Much of this volume is taken up with the fact that Koutarou, while a wonderful man that they all love, cannot protect everyone all the time. He needs to accept this, which is why he backs down after suggesting he go with Ruth and Harumi on their espionage. They’re both powerful enough now that they don’t need him to protect their fragile selves. The same goes for Theia and company in the final battle, where Koutarou gives “fight at your discretion” as the basic order, allowing the others to prioritize what needs doing rather than just following orders. He’s trusting everyone to save themselves, in other words. This definitely works out well for Yurika, who is touched by Koutarou giving her agency, and proceeds to lay waste to a good deal of the enemy forces by a combination of poison gas and turning the area into a murky swamp. (This also leads to the standard making fun of Yurika, as Koutarou calls her a “dirty girl”, much to her displeasure.)

If you’re still reading Rokujouma, you know what to expect, and this won’t disappoint. Still one of the better harem series out there.

Invaders of the Rokujouma!?, Vol. 33

By Takehaya and Poco. Released in Japan as “Rokujouma no Shinryakusha!?” by HJ Bunko. Released in North America digitally by J-Novel Club. Translated by Warnis.

The most annoying thing about this volume, of course, is what ISN’T here. We had been expecting that each girl would get their own “what if?” arc detailing their lives if Koutarou fell for them, with Harumi being the first. Now here we are with the next one, Clan… only we find that Maki already had hers, as an exclusive 75-minute CD bonus track. I gotta hope this is part of the Kickstarter in some way, because if that’s how it’s going down in the future, I suspect half of English-speaking fans are going to be left without satisfaction. Maki’s looks cute, seems to involve rescuing some stray cats (who continue to hang around her), and… well, sorry. As for the book itself, it’s fine. As with previous “short story” volumes, it contains three stories written previously for the “Hercules” website, and Clan’s “what if”, which is empty of surprises but is as sweet and cute as you’d expect. And you learn far more about vacuum tubes than you ever thought you would.

The first short story has Koutarou getting a cold while skiing (blame Yurika, who ends up going down the hill like a cartoon, as a rolling snowball) and getting nursed back to health by Elfaria and Kiriha. They both want to get closer to Koutarou, but are also nice and mature, so they end up having a “gambling match”, loser has to take care of him, and then both trying to throw the match, sort of. It shows off how Elfaria may not be quite as far out of the harem as she thinks, despite not being one of the “core girls”. Next we see just how Yurika got to be a magical girl, and her early days with Nana. If nothing else, this tells us that Yurika was indeed born on Earth and not in Magical Girl World. Other than that it’s slight, emphasizing how she’s still basically Usagi Tsukino in a Yurika skin. The third short has Kiriha and Maki, on separate outings with their friends, meeting at an amusement park and talking. It’s sweet, but again, two of the sensible characters having a conversation makes things a bit dull.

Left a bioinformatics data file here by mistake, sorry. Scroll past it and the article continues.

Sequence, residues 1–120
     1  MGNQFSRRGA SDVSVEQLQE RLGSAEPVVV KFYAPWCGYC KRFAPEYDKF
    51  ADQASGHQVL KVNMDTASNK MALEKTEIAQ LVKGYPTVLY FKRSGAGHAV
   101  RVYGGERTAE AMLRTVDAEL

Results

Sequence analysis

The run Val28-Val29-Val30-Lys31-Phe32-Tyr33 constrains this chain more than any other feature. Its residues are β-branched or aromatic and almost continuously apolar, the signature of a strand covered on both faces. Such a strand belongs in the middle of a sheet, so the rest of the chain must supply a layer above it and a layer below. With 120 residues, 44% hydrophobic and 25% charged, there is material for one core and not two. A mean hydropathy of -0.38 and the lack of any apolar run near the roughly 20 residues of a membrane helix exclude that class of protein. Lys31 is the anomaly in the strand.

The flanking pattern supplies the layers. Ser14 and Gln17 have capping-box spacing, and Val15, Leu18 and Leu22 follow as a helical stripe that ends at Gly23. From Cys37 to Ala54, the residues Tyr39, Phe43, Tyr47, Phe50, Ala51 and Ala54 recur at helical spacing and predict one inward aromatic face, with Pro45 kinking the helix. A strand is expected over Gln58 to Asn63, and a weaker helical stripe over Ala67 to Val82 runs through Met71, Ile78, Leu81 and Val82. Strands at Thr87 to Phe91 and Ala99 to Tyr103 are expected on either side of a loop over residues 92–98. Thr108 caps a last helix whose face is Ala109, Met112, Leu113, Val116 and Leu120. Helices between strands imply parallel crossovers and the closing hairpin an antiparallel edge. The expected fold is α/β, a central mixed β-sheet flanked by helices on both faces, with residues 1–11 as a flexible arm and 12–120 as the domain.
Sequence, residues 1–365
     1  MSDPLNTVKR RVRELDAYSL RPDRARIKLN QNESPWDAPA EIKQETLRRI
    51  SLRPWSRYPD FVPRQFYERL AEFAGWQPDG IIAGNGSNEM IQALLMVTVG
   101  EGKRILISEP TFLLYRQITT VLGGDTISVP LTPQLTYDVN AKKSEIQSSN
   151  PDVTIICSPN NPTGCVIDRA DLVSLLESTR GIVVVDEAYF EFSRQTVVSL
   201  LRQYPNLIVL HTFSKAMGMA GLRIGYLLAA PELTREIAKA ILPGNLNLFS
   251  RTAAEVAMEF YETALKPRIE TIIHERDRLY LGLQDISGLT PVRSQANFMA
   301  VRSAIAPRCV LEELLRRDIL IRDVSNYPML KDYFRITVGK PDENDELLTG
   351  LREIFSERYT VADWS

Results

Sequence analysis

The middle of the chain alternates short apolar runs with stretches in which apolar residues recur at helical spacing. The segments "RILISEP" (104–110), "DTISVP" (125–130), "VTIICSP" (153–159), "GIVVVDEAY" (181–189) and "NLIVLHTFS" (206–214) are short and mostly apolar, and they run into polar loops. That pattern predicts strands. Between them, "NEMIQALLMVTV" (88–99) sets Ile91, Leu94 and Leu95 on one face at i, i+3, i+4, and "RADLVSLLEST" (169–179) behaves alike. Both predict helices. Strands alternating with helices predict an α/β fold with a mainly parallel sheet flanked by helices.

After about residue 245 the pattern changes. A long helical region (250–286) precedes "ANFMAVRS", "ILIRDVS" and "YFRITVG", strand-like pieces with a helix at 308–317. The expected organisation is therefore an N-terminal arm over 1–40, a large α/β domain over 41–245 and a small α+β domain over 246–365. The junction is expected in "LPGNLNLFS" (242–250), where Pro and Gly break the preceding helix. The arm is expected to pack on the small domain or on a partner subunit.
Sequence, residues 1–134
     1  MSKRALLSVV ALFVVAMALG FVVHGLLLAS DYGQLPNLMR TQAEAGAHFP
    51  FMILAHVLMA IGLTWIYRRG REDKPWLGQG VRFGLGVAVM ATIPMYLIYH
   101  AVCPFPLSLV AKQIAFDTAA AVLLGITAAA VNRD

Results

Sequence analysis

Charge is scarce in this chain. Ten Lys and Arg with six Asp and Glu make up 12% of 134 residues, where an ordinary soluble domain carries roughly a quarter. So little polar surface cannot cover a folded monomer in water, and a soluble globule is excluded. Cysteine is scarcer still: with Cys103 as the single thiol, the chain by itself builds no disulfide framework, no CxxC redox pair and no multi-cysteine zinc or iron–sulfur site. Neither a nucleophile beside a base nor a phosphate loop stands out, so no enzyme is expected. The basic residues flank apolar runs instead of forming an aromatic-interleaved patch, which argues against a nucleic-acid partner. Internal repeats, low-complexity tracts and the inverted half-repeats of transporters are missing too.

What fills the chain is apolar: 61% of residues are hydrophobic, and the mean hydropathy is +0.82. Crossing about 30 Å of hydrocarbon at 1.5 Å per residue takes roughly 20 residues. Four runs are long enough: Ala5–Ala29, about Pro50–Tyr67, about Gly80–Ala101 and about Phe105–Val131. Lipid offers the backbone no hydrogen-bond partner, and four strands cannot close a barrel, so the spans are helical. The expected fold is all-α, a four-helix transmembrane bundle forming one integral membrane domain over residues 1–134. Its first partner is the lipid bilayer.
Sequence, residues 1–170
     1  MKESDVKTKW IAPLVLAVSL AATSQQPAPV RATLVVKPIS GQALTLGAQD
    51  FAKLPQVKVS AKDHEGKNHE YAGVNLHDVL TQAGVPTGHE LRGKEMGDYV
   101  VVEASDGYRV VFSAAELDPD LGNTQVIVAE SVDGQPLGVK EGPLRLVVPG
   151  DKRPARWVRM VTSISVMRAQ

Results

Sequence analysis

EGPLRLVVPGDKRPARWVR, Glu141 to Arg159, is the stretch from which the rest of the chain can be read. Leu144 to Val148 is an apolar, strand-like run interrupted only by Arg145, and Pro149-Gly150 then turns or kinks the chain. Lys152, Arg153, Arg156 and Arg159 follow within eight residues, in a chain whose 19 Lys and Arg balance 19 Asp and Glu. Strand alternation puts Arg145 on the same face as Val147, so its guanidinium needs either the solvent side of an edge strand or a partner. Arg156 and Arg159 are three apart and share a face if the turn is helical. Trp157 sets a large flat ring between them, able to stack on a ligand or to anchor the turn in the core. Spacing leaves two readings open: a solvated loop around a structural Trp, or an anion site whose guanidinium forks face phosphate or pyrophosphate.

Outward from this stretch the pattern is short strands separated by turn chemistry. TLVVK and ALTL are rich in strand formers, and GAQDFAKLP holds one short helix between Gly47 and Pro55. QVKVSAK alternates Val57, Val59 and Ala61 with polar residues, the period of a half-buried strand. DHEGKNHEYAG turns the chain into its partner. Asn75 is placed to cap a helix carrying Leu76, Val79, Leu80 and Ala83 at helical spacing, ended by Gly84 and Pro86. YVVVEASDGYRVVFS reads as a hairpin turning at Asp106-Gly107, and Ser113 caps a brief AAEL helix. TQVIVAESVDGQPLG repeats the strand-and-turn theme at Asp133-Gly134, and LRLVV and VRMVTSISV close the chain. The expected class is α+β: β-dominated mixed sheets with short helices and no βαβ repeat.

As with Harumi’s “what if”, Clan’s stems from one slight issue going worse than canon; while in the past searching for the Blue Knight, she gets a bad cold, and has to be taken care of by Koutarou. This allows the two of them to be far closer and less guarded than they are in canon, and that extends to when they return to the present day. Clan is not Harumi, so as you’d expect there’s a lot more tsundere action going on in this story, but the beats are the same – Koutarou’s defenses are brought down, he ends up hanging out with Clan more than the others, and they gradually fall in love, though being who they are said love is mostly exchanged via unspoken handholding and hugs. There’s also a nice examinatio9n of Clan’s tendency to think of herself as a “villain”, and the regrets she has from her past. She’s always going to be snarky, but Clan has soft4ened up a lot.

So overall, not an essential volume unless Clan is your best girl, but it’s readable. Next time we should get back to the main storyline… in fact, I think we get two books of main storyline in a row, so no what-ifs for a bit.